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  1. #1
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    Locking your bike in the rain

    So, I just invested some money in a rear fender for my bike, a waterproof jacket, and some waterproof cycling pants. All this stuff will keep me fairly warm and dry during my wet commutes of the late winter/early spring SF bay area season. However, I realized that if it's raining, I would still be leaving my poor Cannondale out in the rain in certain situations (i.e. work, sometimes school, an the gym). I would like to never use my car unless absolutely necessary, but am just wondering what potential damage could be done to my bike (other than being stolen) if it's constantly being left in the rain. Also, what can I do to better maintain it when I return home from my rides?

    I have a Cannondale CAAD3 Road/Cross bike.

  2. #2
    perpetually frazzled mickey85's Avatar
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    It seems the biggest issue would be wet tape, a junked seat, and rusted chain. But you can trash bag the handlebars, use a QR seatpost to just take the seat with you, and keep the chain oiled well. I just picked up a NIshiki that had been outside for two weeks. The thing was in perfect condition, except for the chain, which looked like it was pulled from the Titanic...
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  3. #3
    SERENITY NOW!!! jyossarian's Avatar
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    If the bike's aluminum, I wouldn't worry about it. Maybe tie a plastic bag around the seat. Just clean and lube the chain periodically, and clean and repack the hubs and bb before and after the rainy season.
    HHCMF - Take pride in your ability to amaze lesser mortals! - MikeR



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  4. #4
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    shower cap for the seat. Like the ones from hotel rooms. My GF turned me on to it. I don't have much (smoetimes any) hair on my head so I would have never thought about it.

  5. #5
    Female Member KitN's Avatar
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    Just invest a few dollars in a plastic bike cover. You can leave it at work or your gym locker and only take it out when it rains/snows.

    Problem solved!
    Ride what you like. Ride in what you like.

  6. #6
    Senior Member Pinyon's Avatar
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    When it is raining or snowing, and in the winter in general around here, I just put a plastic grocery bag over my saddle, and switch to wet-lube for my chain. Road dirt sticks to wet-lube more, but it does not wash off in bad weather, and you have to check your chain more often in wet weather anyway (1-2 times per week for me). I also put a dab of lithium or other heavy grease where my brake and shifting cables come into contact with the cable housings and stuff. Gotta keep those things rust-free.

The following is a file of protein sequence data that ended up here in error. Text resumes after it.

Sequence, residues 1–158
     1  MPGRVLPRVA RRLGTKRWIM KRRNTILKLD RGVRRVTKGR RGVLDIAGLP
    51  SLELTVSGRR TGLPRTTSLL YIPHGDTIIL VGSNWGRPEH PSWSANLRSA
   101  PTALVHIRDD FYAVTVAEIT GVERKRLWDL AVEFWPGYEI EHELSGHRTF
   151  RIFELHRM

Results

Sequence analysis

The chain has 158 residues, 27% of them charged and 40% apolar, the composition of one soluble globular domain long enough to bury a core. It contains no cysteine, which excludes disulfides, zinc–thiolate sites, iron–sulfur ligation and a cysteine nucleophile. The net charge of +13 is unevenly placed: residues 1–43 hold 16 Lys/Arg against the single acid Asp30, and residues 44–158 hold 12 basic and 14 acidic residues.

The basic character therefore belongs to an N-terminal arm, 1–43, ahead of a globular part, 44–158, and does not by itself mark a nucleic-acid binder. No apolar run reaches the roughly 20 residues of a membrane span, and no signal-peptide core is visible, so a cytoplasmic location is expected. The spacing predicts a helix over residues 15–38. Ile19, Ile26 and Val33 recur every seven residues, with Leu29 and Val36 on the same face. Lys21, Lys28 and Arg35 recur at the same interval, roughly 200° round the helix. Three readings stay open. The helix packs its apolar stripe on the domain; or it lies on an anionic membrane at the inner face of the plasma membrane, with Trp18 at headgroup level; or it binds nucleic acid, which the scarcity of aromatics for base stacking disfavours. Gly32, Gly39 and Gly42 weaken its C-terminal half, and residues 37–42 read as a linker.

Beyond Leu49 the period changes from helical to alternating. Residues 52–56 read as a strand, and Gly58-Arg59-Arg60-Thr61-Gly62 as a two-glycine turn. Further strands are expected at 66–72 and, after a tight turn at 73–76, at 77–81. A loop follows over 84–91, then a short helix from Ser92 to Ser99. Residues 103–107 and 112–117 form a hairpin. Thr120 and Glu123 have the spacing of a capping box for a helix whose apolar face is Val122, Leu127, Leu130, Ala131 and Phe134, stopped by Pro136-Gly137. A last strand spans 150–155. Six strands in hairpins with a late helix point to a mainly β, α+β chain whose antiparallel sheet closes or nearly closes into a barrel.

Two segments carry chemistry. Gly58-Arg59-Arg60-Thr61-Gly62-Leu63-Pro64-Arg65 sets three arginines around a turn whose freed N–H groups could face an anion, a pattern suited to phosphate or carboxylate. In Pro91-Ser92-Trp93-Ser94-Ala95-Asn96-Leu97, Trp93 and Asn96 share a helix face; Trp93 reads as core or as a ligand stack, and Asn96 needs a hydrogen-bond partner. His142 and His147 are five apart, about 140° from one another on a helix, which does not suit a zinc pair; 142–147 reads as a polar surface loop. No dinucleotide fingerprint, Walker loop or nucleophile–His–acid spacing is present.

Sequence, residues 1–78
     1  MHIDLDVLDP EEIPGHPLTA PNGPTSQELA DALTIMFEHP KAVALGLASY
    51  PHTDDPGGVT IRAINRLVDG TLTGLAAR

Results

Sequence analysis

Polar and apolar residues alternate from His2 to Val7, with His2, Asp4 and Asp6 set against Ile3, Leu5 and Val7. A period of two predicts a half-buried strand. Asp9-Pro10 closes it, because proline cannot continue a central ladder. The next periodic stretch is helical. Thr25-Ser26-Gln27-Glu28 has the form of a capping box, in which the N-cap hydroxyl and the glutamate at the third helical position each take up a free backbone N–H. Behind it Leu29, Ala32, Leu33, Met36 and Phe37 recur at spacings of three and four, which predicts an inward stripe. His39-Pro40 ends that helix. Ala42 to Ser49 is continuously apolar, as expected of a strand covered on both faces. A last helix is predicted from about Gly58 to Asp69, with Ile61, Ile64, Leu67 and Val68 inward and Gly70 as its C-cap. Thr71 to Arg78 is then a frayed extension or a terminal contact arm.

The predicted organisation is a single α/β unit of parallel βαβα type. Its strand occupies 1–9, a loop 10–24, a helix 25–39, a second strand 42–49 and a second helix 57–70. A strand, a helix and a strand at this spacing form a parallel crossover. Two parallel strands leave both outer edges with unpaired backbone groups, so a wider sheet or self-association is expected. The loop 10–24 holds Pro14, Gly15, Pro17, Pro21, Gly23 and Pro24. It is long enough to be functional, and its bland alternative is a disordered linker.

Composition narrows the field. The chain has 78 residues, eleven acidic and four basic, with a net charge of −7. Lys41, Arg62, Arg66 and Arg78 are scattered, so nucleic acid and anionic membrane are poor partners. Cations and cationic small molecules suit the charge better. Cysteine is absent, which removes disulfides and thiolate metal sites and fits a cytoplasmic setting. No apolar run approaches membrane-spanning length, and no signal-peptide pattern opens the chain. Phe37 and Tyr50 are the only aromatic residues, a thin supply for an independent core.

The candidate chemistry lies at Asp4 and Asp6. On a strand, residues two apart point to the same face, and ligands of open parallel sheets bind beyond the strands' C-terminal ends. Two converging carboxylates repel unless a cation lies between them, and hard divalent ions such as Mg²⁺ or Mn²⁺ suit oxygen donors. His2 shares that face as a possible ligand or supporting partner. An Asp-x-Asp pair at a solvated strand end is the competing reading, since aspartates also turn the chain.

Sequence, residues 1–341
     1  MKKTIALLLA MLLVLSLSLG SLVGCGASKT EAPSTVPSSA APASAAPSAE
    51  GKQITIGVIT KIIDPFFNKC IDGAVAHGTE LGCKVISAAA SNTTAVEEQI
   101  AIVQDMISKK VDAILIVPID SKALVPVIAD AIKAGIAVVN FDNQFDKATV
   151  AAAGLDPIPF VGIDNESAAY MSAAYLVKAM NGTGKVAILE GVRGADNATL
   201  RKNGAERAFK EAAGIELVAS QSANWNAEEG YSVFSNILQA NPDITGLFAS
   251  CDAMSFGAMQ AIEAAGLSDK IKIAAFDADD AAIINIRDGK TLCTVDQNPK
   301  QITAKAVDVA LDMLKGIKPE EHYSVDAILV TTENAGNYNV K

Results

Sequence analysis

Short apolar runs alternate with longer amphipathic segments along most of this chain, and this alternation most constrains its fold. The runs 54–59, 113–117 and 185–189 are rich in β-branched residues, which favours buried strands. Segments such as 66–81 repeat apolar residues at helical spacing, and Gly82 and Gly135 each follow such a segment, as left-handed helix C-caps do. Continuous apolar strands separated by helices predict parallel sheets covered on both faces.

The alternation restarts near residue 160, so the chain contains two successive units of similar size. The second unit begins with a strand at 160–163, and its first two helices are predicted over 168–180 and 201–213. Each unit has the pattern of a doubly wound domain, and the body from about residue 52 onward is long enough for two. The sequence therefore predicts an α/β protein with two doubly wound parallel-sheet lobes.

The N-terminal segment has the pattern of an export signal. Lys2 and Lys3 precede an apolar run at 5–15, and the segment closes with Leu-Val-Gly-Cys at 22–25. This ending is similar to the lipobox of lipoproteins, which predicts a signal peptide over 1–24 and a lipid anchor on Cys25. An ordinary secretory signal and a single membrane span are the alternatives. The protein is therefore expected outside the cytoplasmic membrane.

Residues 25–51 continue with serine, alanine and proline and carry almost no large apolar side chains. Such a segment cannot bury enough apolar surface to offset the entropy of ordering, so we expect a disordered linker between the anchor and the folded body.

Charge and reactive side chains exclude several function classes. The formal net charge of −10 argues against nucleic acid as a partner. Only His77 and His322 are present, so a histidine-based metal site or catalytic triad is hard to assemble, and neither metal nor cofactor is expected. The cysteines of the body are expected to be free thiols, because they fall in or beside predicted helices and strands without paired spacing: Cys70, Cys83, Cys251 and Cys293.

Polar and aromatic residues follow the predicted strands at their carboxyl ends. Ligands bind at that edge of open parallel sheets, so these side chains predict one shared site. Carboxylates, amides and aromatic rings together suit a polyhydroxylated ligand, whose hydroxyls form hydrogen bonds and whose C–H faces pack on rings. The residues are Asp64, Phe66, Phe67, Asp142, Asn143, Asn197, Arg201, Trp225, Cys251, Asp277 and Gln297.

That is about it. I don't have any serious issues with my tape staying wet, or anything. You only have to worry about the exposed steel parts, and most parts on yours an my bikes are aluminum or plastic. No big deal.

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  7. #7
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    Bikes are very resilliant to rain and will cary on for decades of daily use in wet climates.

    If you take the seat out, rain will gather more quickly in the BB shell,
    I prep my bike for wet winters by:
    Packing the bearings full of grease. Im not sure this is recommended but it definately prevents ingress of crud.
    Greasing all relevant metal-metal contact (threads, seatpost, stem etc).
    Squirting rust-preventer inside steel frames.
    Waxing frame, exposed cable wire, esposed bolt heads, exposed pedal spindles, anywhere likely to rust or corrode
    Using full-length cable housings, well greased inside.

    Beware of places where water can gather, esp BB shell and some cable outers (esp rear mechs using TT cable routing)

  8. #8
    Very Senior Member MikeR's Avatar
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    Quote Originally Posted by Evantron3000 View Post
    So, I just invested some money in a rear fender for my bike, a waterproof jacket, and some waterproof cycling pants. All this stuff will keep me fairly warm and dry during my wet commutes of the late winter/early spring SF bay area season. However, I realized that if it's raining, I would still be leaving my poor Cannondale out in the rain in certain situations (i.e. work, sometimes school, an the gym). I would like to never use my car unless absolutely necessary, but am just wondering what potential damage could be done to my bike (other than being stolen) if it's constantly being left in the rain. Also, what can I do to better maintain it when I return home from my rides?

    I have a Cannondale CAAD3 Road/Cross bike.
    I cover my bike every day - rain or shine. In the rain the cover keeps the bike protected. In the dry the cover keeps the bike from prying eyes. Peformance and Nashbar sell nice nylon covers for less than $20.
    It's better to cycle through life than to drive by it.

  9. #9
    Lifer vegipowrd's Avatar
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    Screws seem to be the first thing to go for me. I get rust in the allen cup (is that even the word) and I worry I'll round it out trying to remove the thing. Stainless parts shouldn't do that, but I always find a few that don't turn out to be stainless.
    I once had a lock seize up on me after being wet for a few hours. It was a Specialized. I took it back to the store and they replaced it with a better one at no cost.

  10. #10
    Senior Member rugerben's Avatar
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    Quote Originally Posted by vegipowrd View Post
    Stainless parts shouldn't do that, but I always find a few that don't turn out to be stainless.
    Don't buy into the hype. Stainless rusts too. Sure it takes more, but it'll rust. Remember it's stain-less. Not stain-proof.
    MOLON LABE

  11. #11